The Nebraska State Supreme Court ruled the electric chair is "cruel and unusual punishment."
In the landmark ruling, the court said the Legislature may vote to have a death penalty, just not one that offends rights under the state constitution.Unfortunately, the state legislature will probably approve a different means of killing people. But for now, the state is deprived of the means to kill.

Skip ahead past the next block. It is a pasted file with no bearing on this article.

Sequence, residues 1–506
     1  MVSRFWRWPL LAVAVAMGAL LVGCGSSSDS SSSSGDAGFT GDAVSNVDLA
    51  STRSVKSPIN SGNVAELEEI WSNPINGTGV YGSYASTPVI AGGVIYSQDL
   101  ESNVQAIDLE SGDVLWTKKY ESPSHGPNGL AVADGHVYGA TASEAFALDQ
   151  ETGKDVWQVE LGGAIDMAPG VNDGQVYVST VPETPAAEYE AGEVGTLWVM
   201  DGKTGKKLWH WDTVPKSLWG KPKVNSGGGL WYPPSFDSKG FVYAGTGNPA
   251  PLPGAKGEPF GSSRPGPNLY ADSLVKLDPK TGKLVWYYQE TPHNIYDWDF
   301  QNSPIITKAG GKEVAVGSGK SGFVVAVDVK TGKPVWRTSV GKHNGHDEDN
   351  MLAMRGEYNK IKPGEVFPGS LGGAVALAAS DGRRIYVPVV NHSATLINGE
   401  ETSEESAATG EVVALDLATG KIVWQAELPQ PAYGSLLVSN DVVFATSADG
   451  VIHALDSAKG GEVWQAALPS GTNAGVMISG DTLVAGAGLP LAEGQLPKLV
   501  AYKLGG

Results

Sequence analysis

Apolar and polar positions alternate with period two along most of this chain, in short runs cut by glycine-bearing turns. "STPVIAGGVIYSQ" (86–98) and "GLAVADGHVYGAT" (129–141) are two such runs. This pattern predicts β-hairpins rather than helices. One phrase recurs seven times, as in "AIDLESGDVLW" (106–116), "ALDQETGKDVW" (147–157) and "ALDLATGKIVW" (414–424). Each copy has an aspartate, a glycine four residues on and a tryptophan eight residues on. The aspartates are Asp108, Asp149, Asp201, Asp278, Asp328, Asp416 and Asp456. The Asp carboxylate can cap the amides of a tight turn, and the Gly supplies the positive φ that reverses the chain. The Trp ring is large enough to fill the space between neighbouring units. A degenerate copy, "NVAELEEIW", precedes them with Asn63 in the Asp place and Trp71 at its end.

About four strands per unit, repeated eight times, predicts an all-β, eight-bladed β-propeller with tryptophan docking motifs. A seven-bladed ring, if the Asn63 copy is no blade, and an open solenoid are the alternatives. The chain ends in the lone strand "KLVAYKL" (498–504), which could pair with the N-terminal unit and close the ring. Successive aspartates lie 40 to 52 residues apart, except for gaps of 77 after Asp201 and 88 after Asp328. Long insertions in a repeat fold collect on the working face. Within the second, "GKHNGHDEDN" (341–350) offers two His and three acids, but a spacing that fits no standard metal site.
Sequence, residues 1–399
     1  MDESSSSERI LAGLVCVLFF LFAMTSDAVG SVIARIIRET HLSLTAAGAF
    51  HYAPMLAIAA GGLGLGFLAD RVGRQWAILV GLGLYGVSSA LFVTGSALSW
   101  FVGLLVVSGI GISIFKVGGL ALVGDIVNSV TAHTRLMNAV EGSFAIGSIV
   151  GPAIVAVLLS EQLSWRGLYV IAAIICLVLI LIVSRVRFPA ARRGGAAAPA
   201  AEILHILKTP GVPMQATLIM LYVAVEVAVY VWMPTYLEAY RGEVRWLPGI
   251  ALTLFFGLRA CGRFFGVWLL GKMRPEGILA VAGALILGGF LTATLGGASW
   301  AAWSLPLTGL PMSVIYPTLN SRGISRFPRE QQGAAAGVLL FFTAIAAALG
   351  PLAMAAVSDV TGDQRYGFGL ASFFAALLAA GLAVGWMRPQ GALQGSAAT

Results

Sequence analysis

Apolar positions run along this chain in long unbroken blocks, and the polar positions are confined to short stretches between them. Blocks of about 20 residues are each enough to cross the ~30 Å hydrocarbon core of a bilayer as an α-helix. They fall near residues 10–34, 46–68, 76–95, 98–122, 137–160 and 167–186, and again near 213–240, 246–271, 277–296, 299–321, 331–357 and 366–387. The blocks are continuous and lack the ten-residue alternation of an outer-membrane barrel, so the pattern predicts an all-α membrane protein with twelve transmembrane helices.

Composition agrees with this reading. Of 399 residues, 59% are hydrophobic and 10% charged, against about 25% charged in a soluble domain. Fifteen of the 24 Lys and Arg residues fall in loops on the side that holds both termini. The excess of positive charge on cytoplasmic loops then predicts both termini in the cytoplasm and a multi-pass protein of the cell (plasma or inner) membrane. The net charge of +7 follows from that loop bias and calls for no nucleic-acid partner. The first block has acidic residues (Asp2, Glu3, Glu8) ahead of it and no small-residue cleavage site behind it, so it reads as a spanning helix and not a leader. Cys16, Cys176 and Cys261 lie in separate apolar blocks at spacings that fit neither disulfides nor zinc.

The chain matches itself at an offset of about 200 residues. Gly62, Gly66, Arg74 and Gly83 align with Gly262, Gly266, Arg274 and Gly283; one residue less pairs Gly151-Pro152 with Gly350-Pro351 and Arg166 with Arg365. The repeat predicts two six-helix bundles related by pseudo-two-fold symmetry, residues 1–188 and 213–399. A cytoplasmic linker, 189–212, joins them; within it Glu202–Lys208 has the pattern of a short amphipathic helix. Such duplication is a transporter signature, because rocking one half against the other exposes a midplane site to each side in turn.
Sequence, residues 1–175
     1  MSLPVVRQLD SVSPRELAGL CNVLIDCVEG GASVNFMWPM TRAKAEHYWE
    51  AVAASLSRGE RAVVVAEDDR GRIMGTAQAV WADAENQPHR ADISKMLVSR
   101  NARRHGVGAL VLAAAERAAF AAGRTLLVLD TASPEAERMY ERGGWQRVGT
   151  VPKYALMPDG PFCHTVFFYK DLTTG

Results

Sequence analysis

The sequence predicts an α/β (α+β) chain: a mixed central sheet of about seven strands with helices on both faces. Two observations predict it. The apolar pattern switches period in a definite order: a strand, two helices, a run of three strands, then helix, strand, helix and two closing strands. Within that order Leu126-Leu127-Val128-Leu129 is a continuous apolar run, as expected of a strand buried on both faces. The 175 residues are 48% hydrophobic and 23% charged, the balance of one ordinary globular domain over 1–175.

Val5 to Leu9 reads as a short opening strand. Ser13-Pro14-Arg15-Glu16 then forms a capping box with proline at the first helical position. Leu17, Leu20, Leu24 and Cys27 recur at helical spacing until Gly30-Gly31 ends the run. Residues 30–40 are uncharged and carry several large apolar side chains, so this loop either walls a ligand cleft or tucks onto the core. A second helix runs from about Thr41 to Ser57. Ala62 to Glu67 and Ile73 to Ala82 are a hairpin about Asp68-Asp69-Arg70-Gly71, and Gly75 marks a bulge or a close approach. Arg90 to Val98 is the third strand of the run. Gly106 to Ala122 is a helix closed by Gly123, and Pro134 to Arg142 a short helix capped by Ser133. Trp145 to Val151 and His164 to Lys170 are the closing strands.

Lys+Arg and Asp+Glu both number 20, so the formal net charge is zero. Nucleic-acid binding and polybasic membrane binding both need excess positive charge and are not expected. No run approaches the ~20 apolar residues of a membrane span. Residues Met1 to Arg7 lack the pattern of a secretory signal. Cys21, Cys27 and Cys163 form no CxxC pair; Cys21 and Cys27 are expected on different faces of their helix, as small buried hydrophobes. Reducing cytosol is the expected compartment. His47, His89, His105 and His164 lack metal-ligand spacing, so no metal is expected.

The high court made the ruling in the case of Raymond Mata Jr., convicted for the 1999 kidnapping and killing of 3-year-old Adam Gomez of Scottsbluff.
In its 6-1 ruling, the high court said the evidence shows that electrocution inflicts "intense pain and agonizing suffering" and that "(electrocution) has proven itself to be a dinosaur more befitting the laboratory of Baron Frankenstein than the death chamber" of state prisons.
"Contrary to the State's argument, there is abundant evidence that prisoners sometimes will retain enough brain functioning to consciously suffer the torture high voltage electric current inflicts on a human body," Judge William Connolly wrote in the opinion.